The line varies aesthetically from the very traditional to a bit of a punk rock influence (skulls, flamingos, “Vote For Pedro” colorway). Is this conscious?
They are not flamingos – they are emus! But I agree, they look a little like flamingos…. Yes, it is conscious. Winston Churchill is a great style influence for me. And I love his classic black and white polka dot bows, yet I feel it is time to for people to explore other avenues and break down some cultural stereotypes. Yes, classic men’s dressing is always fantastic, but so too is wearing something as loud as the ‘Marriage’ bow or wearing a ‘Memento Mori’ bow tie which is derived from a mode of art originating from Ancient Rome.
The infamous Memento Mori bow tie…
What’s it been like starting something so uniquely luxury in a city like Sydney? Usually people think of Milan, Paris, New York or London. Sydney’s not exactly on the map of Men’s Well Appointed Goods.
Starting something luxurious in Sydney was like pushing shit up hill. At first you are met with resistance. ‘I would not wear a bow tie, the climate is all wrong’ was one of the first remarks I heard. But as Kevin Costner was once told in Field Of Dreams: ‘If you build it, they will come’. So I set about doing that which I felt was needed. Sydney is sophisticated in parts, it is just that Sydneysiders have been told they were the cultural rear-end for too long. So it is hard to shake off the old moniker – like a child who was teased a little too much in the school yard. But here we are in the 21st Century and we are a well travelled bunch who know now what fine things are. I don’t think there is an issue with adding Sydney to the end of that string of cities.
How has Sydney itself influenced you and your line? Either philosophically, culturally or aesthetically.
The city does not have a philosophy but it is fairly narcissistic. We have a harbor here and everyone likes to build their houses to look out over the harbor and gaze at each other and themselves. It is not uncommon to take a trip out on a yacht and look back at the city and to point at who lives where or eat an over-priced meal on a strip of restaurants which have a great view.
Culturally it is changing every day. 30 years ago it was filled with men who wore flannels and short ‘stubby’ shorts and work boots. But now it is a city filled with real-estate agents, fashion designers, barristers, celebrity chefs, financiers, and mortgage brokers… And with that you get a new style. A segmented style – but certainly it is drawing away from what was formerly labeled ‘the cultural cringe’.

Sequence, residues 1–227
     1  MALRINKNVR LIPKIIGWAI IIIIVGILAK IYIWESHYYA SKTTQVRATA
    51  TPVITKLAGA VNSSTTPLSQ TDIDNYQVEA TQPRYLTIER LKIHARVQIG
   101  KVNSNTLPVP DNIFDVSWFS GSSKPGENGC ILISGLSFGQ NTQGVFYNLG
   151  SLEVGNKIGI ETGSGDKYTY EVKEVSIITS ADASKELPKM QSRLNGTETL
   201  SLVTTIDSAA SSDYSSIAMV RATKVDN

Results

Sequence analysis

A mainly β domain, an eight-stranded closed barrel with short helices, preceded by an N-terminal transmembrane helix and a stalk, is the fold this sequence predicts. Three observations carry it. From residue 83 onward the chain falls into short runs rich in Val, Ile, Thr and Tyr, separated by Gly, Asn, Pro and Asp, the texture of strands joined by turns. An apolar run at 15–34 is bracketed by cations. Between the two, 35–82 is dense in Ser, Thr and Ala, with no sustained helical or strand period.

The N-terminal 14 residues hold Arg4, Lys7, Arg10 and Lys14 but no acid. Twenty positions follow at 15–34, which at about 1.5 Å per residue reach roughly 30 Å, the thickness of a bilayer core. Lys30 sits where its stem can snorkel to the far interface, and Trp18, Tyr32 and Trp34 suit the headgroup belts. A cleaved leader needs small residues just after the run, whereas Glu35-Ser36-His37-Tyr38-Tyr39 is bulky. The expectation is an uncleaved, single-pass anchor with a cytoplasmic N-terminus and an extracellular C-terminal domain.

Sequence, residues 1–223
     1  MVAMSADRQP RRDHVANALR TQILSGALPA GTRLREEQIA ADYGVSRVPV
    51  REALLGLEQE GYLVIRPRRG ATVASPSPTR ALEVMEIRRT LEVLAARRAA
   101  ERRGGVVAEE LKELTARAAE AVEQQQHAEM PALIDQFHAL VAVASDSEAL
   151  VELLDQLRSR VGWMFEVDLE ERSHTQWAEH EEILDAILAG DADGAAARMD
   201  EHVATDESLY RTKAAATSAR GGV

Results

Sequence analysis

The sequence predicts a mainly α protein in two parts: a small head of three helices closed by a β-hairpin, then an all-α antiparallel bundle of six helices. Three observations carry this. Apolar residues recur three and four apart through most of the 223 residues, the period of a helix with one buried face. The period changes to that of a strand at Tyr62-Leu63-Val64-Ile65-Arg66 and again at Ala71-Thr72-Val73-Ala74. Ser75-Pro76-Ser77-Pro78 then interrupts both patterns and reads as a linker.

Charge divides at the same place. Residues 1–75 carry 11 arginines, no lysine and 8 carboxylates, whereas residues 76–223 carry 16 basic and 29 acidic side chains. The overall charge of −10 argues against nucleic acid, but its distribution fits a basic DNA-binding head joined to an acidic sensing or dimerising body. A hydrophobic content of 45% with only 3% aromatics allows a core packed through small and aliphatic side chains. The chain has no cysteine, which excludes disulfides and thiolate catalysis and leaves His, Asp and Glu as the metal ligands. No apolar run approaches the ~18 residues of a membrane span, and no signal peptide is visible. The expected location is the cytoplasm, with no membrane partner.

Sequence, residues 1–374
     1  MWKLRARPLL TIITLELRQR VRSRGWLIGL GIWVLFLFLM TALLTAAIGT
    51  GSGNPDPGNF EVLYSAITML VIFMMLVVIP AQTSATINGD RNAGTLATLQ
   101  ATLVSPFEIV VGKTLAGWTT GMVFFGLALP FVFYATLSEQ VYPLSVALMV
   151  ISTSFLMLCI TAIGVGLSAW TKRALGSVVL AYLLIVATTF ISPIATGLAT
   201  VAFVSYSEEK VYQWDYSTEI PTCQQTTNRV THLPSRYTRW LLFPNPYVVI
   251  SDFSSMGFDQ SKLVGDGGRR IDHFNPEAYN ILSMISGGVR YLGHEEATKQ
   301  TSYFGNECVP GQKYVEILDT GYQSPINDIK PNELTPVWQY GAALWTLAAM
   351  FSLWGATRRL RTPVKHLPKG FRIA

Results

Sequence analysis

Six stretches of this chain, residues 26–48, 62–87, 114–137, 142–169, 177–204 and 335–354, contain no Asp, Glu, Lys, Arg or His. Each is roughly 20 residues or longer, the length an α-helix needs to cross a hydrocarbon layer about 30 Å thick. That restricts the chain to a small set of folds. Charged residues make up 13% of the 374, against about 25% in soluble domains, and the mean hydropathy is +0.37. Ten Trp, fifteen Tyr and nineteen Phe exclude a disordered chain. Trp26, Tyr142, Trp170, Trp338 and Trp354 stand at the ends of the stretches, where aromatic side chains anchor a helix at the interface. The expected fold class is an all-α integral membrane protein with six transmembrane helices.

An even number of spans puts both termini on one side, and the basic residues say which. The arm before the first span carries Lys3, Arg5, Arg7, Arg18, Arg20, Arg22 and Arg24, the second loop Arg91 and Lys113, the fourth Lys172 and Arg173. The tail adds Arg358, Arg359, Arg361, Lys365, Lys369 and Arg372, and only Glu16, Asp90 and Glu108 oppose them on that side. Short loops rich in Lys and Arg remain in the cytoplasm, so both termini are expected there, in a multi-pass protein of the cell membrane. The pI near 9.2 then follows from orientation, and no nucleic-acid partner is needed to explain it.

That’s an interesting interpretation of Sydney — I’d never thought of it that way, as narcissistic with all the bay looking in at itself. I suppose that’s a pretty astute observation! Why bow ties, may I ask? What draws you to their particular style?
A bow tie is symmetrical, just like the human face. However, when it is tied correctly it will have a certain nonchalant asymmetry which makes it so dapper and eccentric. And then there is the cultural elitism of knowing you tied your own bow tie. Because a pre-tied bow tie (except for velvet ones) is like a clammy handshake.
The bow tie seems like something mom’s love putting on their kids. Is your mom stoked with what you’re doing? Did you grow up wearing them?
My mother was forbidden to help me with my clothing ever since she told me to wear a polyester paisley shirt to a christening when I was twelve. The shame! Since then I only take her advice on cooking and women.
Lastly, if you were lost in a supermarket, in what aisle would we find you in?
You find me on aisle 10 with the cleaning products, particularly laundry products. I love soaking fabrics to get them clean. A good tip for shirts: if you have a stain, soak it in Nappy-San [I think that’s Oxy-Clean to us Yankees – Ed.] over night in a warm tub and then put it on a spin cycle only the following morning. Always try and wash a shirt in a cotton bag too – it will preserve the life of the shirt.
The Gatsby and Marriage bow ties…